“School librarians are still the most responsible to make those clear decisions about whether a particular book is in violation of a specific law,” he said.

A step in the right direction

Four librarians EdWeek spoke with said they were initially concerned that making optional books representing historically marginalized students would send a message that censorship is the right decision.

All four said Scholastic’s reversal of the optional collection was a step in the right direction and should be attributed to the objections authors, illustrators, and librarians raised when they heard about the optional collection.

“The turnaround was swift, and I’m thankful to every author, illustrator, publisher, and librarian that spoke out against Scholastic’s decision to make this change happen,"Bober said.

“I’m glad the priority for students’ right to read a diverse selection of books exists.”

Vandersande and Amanda Jones, a librarian from Louisiana, said the “Share Every Story, Celebrate Every Voice” collection did not need to be completely removed from book fairs.

“They could have just sent the case without it being ‘opt in.’ And nobody would have been alarmed,” Vandersande said.

“But it is best practice to not separate ‘diverse’ books because it makes them an ‘other.’”

The reversal shows that Scholastic is on the same page as librarians and is focused on making all kinds of books available to students, said Barbara Johnson, a librarian from Connecticut and a past president of the Connecticut Association of School Librarians.

“I hope all publishers stand with librarians and help combat legislative efforts to ban and restrict books,” she said.

“I think the lesson learned is that we’re all on the same team on getting books into the hands of children who need them.”

Some librarians may still distance themselves from Scholastic fairs

Jones had previously cancelled her school’s Scholastic fair following the announcement about the optional collection.

“It sent a message to me that Black voices need to be segregated and opted into, and that’s not something I want to be associated with,” she said.

Now, she’s waiting to hear from the authors and illustrators who were impacted before she makes a final decision.

Bober’s school has already stopped using Scholastic, because other vendors have been more responsive to the requests for diversity in their book fair offerings, among other reasons.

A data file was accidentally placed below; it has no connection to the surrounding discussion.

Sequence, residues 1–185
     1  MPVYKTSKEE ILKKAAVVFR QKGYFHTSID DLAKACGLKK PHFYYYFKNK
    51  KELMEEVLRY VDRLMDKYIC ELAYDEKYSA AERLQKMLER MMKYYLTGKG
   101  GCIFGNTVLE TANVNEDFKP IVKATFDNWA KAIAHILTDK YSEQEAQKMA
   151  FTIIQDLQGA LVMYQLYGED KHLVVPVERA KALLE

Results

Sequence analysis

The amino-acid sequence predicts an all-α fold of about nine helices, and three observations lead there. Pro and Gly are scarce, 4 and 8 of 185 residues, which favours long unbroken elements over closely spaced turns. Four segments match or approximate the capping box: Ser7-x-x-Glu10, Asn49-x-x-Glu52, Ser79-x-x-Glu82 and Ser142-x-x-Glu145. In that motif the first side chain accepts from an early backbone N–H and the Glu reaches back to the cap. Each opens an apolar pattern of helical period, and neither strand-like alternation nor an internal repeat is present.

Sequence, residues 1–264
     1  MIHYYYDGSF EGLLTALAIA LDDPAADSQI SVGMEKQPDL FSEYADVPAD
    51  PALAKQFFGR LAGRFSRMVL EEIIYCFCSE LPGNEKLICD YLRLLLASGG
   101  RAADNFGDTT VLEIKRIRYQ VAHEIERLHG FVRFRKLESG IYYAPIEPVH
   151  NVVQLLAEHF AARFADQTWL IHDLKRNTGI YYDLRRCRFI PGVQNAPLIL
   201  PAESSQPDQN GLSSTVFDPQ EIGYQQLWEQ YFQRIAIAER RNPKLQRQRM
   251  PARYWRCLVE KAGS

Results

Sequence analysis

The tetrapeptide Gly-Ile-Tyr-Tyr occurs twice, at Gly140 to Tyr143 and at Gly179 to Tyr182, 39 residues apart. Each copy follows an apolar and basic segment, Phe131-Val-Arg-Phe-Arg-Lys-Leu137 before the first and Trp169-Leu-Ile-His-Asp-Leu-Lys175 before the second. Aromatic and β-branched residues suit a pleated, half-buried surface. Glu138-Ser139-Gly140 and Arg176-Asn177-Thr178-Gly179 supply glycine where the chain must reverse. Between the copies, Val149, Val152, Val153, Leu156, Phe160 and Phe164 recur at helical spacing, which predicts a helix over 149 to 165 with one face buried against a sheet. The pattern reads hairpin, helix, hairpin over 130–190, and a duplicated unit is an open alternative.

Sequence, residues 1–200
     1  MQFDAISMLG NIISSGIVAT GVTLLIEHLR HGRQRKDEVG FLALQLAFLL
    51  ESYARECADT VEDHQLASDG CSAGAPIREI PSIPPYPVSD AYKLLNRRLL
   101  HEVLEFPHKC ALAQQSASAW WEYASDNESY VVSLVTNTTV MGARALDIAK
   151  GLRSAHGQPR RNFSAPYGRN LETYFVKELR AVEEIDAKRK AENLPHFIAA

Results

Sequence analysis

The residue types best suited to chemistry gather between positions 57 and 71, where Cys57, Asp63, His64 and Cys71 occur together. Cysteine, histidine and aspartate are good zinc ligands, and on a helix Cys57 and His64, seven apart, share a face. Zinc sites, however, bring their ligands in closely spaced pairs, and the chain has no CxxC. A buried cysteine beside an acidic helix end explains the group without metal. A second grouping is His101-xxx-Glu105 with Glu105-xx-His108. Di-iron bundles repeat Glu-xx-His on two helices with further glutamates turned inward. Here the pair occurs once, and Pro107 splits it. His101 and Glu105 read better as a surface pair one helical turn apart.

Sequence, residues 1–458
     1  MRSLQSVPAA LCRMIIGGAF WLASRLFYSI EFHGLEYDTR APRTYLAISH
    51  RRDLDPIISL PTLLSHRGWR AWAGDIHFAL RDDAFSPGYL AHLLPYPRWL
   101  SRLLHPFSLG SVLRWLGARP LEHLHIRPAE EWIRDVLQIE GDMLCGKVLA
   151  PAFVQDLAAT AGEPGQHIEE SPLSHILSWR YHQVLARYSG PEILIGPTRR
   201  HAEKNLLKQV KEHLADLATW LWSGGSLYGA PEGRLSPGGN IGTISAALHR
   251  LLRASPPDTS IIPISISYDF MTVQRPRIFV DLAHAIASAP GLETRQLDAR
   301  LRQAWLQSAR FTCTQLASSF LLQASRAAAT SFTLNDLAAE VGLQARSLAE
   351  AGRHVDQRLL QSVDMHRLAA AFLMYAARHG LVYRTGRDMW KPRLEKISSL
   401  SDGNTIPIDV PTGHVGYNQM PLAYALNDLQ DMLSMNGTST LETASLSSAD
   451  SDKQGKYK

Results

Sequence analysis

“As librarians begin to see the selections that Scholastic offers, and the diversity of that selection will be able to tell whether the company is providing a wide variety of books for all readers to choose from,” he said about future fairs.

Vandersande will keep using Scholastic for her school’s fairs, primarily because students in her district benefit from the large selection of $3 books they can buy there and the school raises enough money through profit sharing with Scholastic to buy books for any students that could not partake in the fair, she said.

She said she feels much better about the decision to partner with the publisher after it reversed its decision.


This content is provided by our sponsor. It is not written by and does not necessarily reflect the views of Education Week's editorial staff.
Budget & Finance Webinar
Innovative Funding Models: A Deep Dive into Public-Private Partnerships
Discover how innovative funding models drive educational projects forward. Join us for insights into effective PPP implementation.
Content provided by Follett Learning
Budget & Finance Webinar Staffing Schools After ESSER: What School and District Leaders Need to Know
Join our newsroom for insights on investing in critical student support positions as pandemic funds expire.
This content is provided by our sponsor. It is not written by and does not necessarily reflect the views of Education Week's editorial staff.
Student Achievement Webinar
How can districts build sustainable tutoring models before the money runs out?
District leaders, low on funds, must decide: broad support for all or deep interventions for few? Let's discuss maximizing tutoring resources.
Content provided by Varsity Tutors for Schools

EdWeek Top School Jobs

Teacher Jobs
Search over ten thousand teaching jobs nationwide — elementary, middle, high school and more.
View Jobs
Principal Jobs
Find hundreds of jobs for principals, assistant principals, and other school leadership roles.
View Jobs
Administrator Jobs
Over a thousand district-level jobs: superintendents, directors, more.
View Jobs
Support Staff Jobs
Search thousands of jobs, from paraprofessionals to counselors and more.
View Jobs

Read Next

Reading & Literacy Older Students Who Struggle to Read Hide in Plain Sight. What Teachers Can Do
Going back to basics may get to the root of the problem.
6 min read
Image of a seventh-grade student looking through books in her school library.
A seventh-grade student looks through books in her school library.
Photo by Allison Shelley for EDUimages
Reading & Literacy The Key Parts of a 'Science of Reading' Transformation, According to One State Chief
Under Carey Wright's leadership, Mississippi pulled off a reading "miracle." She has a similar transformation in mind for Maryland.
6 min read
Dr. Carey Wright, the interim state superintendent for Maryland, discusses improving literacy instruction and achievement with Stephen Sawchuk, an assistant managing editor for Education Week, during the 2024 Leadership Symposium in Arlington, Va. on Friday, May 3, 2024.
Carey Wright, the state superintendent for Maryland, discusses improving literacy instruction and achievement during Education Week's Leadership Symposium in Arlington, Va., on May 3, 2024.
Sam Mallon/Education Week
Reading & Literacy Teachers Are Still Teaching Older Students Basic Reading Skills, Survey Finds
Who across the K-12 spectrum engages frequently in activities that promote foundational reading skills? The answer may come as a surprise.
4 min read
Group of kids reading while sitting on the floor in the library
Reading & Literacy Spotlight Spotlight on The Science of Reading in Practice
This Spotlight will help you analyze new curricula designed to build knowledge, review the benefits of reading aloud to students, and more.